Over recent days controversy has emerged over film footage of the Queen of England with her arms raised in a Nazi salute. That this has caused outrage seems ridiculous. She was aged no older than seven years of age. It does however question the beliefs of her the Queen Mother and more importantly those who surrounded the future queen – the English establishment in the 1930s. The reality is that many (probably a significant minority) has strong sympathy with fascism. The images below tell a very different story to the often propagated myth after world war two world that these people were the defenders of democracy. In reality the only issue they had with Nazism was its foreign policy that threatened British interests
1. Lord Rothermere
Pictured below was one of England’s most powerful press barons in the 1930s. Here he is pictured with Adolf Hitler. Rothermere supported Hitler corresponded with the dictator. In 1938 he sent a note of support for his invasion of Czechoslovakia.
2.The Daily Mail
Rothermere’s views were peddled in his press organs most famously his newspaper ‘The Daily Mail’ which produced this headline in 1934 advocating support for the Blackshirts – Englands fascist movement.
3. John Amery.
John Amery was the son of Leo Amery, the state sectretary for India during World War II. He was hanged at the end of the war. He had spent the conflict in Nazi Germany, send ing propaganda messages back tO England. He also attempted to raise ‘A British Free Corp’ to fight for the Nazis. This was an abject failure.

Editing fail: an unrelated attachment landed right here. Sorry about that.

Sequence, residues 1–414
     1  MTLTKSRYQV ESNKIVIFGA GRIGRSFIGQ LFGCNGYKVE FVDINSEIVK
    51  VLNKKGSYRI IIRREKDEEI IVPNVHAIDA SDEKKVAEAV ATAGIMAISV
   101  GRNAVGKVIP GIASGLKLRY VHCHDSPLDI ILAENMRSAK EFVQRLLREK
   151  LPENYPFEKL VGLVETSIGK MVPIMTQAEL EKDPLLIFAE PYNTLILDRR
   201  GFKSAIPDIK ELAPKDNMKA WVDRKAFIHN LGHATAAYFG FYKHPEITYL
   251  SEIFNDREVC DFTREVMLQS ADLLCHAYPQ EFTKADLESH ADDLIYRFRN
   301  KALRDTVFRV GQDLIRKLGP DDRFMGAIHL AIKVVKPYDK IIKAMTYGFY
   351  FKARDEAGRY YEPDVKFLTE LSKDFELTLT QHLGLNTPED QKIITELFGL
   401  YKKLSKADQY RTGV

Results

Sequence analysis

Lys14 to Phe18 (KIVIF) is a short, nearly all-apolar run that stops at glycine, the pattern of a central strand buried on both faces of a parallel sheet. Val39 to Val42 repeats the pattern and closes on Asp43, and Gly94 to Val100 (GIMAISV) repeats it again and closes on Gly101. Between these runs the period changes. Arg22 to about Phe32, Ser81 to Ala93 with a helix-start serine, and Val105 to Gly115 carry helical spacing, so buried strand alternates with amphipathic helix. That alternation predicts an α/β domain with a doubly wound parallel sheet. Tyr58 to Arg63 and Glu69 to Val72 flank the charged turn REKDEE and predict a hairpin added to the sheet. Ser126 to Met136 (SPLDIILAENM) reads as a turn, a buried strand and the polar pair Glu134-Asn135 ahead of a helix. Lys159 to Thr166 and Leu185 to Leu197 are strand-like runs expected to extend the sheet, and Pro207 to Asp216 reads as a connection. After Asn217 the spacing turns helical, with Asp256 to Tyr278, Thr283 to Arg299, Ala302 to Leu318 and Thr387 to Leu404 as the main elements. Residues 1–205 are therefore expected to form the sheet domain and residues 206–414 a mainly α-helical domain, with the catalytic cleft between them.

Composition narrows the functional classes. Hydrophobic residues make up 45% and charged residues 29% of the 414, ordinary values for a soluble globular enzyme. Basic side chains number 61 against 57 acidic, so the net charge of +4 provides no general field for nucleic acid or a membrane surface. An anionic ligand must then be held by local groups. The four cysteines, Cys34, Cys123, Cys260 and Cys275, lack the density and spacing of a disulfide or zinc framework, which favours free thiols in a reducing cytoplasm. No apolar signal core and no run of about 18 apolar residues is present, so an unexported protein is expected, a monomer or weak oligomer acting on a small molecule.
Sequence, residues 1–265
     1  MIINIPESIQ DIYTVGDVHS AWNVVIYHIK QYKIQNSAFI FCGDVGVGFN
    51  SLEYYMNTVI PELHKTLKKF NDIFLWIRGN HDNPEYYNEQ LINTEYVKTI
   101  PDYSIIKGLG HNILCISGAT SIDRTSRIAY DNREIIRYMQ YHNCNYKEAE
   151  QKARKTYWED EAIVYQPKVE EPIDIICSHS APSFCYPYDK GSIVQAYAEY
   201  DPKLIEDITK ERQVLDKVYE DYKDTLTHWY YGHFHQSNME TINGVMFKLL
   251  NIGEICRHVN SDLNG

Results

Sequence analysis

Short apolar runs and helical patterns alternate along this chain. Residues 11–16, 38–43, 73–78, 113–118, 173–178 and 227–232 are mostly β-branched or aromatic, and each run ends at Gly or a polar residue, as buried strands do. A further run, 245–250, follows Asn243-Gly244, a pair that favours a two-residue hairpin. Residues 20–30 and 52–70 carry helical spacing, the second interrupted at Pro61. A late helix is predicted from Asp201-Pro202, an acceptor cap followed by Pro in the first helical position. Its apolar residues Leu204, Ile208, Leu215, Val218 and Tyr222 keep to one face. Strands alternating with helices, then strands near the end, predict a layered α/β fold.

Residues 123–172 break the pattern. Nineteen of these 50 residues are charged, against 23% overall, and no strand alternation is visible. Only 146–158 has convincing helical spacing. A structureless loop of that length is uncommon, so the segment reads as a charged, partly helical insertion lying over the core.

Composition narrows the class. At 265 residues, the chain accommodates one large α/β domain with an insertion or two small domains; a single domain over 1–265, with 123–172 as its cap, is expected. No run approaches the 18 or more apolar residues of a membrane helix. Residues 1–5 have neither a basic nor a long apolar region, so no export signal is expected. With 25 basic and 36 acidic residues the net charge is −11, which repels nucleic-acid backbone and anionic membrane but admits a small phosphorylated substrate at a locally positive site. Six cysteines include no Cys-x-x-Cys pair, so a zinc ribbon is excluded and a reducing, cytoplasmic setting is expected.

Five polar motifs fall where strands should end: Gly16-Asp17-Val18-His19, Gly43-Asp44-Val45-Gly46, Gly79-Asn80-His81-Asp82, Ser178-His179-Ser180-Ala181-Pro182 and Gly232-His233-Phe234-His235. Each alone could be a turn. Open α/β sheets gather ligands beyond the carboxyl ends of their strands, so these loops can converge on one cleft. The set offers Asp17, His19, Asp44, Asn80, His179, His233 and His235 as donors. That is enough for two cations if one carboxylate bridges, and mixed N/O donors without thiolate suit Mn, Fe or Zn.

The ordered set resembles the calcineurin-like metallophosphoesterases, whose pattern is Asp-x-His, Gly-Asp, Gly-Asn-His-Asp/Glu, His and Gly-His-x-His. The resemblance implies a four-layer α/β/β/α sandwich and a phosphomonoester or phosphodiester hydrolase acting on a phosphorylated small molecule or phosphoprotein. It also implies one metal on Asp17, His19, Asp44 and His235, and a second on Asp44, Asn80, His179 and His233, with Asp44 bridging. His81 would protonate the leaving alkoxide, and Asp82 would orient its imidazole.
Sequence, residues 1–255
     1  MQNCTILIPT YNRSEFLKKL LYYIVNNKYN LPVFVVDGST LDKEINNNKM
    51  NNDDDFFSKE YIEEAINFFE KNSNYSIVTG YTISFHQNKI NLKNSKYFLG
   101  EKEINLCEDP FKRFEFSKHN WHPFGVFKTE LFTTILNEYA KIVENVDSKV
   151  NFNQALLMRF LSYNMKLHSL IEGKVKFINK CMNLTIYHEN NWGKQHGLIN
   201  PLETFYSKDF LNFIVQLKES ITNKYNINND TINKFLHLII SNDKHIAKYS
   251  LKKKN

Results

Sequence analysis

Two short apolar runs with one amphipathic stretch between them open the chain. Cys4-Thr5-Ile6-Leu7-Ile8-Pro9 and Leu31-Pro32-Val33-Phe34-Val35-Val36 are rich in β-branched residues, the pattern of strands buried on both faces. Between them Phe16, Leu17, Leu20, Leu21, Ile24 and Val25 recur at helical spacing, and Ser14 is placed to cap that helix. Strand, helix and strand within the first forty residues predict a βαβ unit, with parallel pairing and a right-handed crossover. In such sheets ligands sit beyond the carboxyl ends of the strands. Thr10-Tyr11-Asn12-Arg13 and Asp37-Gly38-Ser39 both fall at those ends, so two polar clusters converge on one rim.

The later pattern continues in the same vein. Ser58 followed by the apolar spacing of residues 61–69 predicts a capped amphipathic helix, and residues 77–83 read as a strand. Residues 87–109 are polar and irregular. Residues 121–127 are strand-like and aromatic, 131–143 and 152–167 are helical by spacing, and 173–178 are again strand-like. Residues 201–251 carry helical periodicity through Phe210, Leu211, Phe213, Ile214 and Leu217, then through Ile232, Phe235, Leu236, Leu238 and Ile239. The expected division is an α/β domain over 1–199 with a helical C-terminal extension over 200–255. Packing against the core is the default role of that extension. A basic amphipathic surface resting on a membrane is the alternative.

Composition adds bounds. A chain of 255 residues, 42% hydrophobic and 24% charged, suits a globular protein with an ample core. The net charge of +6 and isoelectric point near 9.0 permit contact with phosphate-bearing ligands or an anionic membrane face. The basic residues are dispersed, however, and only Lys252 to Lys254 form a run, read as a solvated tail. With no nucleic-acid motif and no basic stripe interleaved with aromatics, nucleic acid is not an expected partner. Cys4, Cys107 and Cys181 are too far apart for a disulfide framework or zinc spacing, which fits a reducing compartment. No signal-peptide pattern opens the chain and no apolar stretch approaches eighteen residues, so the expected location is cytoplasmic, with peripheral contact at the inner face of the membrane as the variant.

4. Diana &Unity Mitford
The Mitford sisters were the scions of an aristocratic English family. Unity was a personal friend of Adolf Hitler. Diana married the English fascist leader Oswald Mosley in Germany in a ceremony witnessed by Joseph Goebbels. Here she is pictured at the now infamous Nuremberg rally in 1936.
5. The Battle of Cable Street.
In 1936 the London Metropolitan police tried to force a fascist march through the east end of London. The march was widely opposed by those in the area which was home to many Jews. Ultimately it fell to ordinary Londoners including many Irish emigrants to physically stop the march entering the East in what became known as the Battle of Cable Street.
6. and lest we forget….
Before we get ready to criticise the Brits, lets not forget our own fascists in Ireland. Fine Gael, Ireland’s ruling party emerged in part from the Blueshirts – Irish fascists in the 1930s. Lead by a former police chief Eoin O’Duffy their numerous exploits included a disastrous attempt to intervene in the Spanish Civil War on the fascist side